Paul Hoffer in Comment 60: Hello all, since Mr. Bugay indicated in his comments to my article on his misuse of Rev. Lampe’s book that I should have directed my energies to interact with Chapter 41, I have had the opportunity to take up some time studying the thesis presented there.
This, by the way, fails to comply with the Called to Communion posting guidelines, which mandates that one address someone in the second person ("you") rather than in the third person voice.
PH: It seems to be founded on a notion that Rome’s titular churches (home-churches) were so fractionated that they could not have been overseen by a single bishop.
A mere "notion"?
Long before Lampe, there were scholars writing about the absence of a monarchical bishop in Rome. In the 40's and 50's, Oscar Cullmann ("advisor to three popes") was detailing significant shortcomings in the traditional Roman position; this was followed up by intensive studies by Daniel O'Connor ("Peter in Rome") Raymond Brown et. al ("Peter in the New Testament"), as well as others. Lampe's detailed work provided solid confirmation for what others had held based on things long understood in the history of that topic.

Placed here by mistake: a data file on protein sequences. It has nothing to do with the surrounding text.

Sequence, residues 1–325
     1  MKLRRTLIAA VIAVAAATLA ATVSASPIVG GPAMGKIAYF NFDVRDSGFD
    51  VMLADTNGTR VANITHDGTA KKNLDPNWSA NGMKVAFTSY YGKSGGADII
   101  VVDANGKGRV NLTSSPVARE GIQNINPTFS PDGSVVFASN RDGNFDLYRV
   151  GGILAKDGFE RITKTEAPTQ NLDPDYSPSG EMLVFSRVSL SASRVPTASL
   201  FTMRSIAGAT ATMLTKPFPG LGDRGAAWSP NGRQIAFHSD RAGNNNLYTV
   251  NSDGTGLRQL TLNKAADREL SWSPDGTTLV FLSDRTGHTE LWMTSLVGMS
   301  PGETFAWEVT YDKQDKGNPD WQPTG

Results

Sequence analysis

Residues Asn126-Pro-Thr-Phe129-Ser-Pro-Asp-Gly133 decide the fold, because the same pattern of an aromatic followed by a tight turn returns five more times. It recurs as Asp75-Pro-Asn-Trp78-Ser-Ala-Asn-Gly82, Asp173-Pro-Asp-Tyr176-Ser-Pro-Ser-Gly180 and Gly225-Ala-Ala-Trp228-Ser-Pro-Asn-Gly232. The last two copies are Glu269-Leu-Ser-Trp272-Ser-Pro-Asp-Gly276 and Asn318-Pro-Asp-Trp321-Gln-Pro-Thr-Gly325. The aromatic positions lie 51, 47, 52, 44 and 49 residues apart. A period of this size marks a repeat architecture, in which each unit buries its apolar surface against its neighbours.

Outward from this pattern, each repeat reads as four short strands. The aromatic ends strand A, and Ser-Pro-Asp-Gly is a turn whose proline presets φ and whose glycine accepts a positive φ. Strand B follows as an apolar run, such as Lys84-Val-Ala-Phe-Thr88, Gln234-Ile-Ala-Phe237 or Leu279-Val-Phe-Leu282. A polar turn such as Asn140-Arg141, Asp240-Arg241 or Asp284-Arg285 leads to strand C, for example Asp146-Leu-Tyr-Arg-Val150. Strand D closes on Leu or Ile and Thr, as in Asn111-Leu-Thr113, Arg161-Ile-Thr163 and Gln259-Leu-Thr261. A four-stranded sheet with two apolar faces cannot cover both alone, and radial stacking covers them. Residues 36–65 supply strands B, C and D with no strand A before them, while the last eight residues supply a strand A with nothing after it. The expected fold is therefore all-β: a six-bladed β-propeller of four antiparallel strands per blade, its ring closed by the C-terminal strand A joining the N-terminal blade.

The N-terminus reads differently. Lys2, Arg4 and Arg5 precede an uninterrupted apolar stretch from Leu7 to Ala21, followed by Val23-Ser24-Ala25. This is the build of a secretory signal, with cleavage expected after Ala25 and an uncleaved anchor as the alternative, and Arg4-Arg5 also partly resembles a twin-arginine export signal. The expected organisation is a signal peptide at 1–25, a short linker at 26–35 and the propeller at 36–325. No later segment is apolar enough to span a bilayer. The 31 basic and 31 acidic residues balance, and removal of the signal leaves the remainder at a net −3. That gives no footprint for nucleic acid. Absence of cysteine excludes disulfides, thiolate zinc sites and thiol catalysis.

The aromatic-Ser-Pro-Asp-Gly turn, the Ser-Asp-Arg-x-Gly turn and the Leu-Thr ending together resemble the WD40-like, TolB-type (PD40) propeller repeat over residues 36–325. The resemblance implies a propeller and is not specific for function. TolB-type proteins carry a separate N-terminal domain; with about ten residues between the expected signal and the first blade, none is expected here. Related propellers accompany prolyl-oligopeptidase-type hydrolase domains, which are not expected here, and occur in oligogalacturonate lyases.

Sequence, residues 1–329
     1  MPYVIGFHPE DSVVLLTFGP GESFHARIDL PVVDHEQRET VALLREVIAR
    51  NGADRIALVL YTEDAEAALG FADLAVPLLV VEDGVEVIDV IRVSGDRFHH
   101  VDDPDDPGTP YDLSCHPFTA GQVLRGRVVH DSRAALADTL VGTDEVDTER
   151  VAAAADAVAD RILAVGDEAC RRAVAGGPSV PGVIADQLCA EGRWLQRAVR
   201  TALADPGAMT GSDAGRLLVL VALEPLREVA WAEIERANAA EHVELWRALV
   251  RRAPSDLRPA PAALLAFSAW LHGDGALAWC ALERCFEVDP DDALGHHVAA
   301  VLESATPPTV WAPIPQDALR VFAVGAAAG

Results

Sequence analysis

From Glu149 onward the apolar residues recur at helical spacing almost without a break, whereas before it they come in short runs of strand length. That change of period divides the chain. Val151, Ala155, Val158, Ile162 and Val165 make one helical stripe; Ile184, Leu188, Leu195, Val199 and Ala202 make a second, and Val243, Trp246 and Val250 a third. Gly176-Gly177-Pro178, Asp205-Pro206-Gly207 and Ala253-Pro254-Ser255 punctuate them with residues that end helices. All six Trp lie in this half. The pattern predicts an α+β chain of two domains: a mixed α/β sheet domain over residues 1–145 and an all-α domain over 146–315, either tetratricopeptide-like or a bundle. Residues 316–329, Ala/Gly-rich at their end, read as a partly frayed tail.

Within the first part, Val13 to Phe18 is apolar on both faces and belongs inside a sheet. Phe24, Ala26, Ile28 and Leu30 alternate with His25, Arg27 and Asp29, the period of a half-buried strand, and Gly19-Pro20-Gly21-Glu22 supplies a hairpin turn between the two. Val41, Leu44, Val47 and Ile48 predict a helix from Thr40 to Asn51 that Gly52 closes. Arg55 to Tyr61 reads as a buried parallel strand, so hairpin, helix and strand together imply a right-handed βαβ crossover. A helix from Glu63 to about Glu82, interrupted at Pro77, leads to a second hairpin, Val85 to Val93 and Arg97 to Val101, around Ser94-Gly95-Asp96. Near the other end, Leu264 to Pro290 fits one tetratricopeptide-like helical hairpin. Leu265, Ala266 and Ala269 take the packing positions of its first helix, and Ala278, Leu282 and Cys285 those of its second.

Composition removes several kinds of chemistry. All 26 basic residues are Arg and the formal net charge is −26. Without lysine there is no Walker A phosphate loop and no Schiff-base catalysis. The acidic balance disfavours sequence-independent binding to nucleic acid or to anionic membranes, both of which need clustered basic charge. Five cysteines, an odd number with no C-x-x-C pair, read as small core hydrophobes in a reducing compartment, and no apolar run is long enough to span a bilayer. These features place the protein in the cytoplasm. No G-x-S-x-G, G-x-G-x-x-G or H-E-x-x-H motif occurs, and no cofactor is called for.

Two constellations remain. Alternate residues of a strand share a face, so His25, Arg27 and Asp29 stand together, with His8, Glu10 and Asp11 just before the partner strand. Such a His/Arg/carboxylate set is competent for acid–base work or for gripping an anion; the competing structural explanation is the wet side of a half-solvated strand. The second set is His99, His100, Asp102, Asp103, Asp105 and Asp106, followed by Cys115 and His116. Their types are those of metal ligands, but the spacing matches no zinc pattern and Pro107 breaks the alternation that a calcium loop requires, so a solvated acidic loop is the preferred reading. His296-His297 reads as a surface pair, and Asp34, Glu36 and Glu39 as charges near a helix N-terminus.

For example, Schaff has sections on "the Peter of History" and "The Peter of Fiction." Sorting out these two has been difficult, not least because "the Peter of Fiction" was a strong and mighty early pope. The reality of it is quite different, although Peter may in fact have died at Rome, it is highly questionable that he founded the church there, (it is certain that "Peter and Paul" did not "found" the church at Rome -- a testimony that is given by Irenaeus), it is highly questionable that he ever "commanded" anyone, given his role and status as one who traveled there as a missionary.
There are many other factors too that go into the "notion" that there was not a monarchical bishop at Rome. Ignatius, who was an aficionado of the word "bishop" does not seem to have been able to locate a bishop when he writes to Rome. True, this "could" have been an oversight, but for him to purposely have ignored such a person would have been a great affront.
In a completely separate piece of evidence, Hermas states clearly that the city was ruled by a plurality who "fought among themselves." You may want to say that "this doesn't explicitly deny" that there was a monarchical bishop. But both of these are far clearer statements than those upon which an early papacy has historically been founded; but even if there were a monarchical bishop in charge of Hermas's unruly bunch, that would speak volumes about the incompetence of such an individual's [lack of] leadership.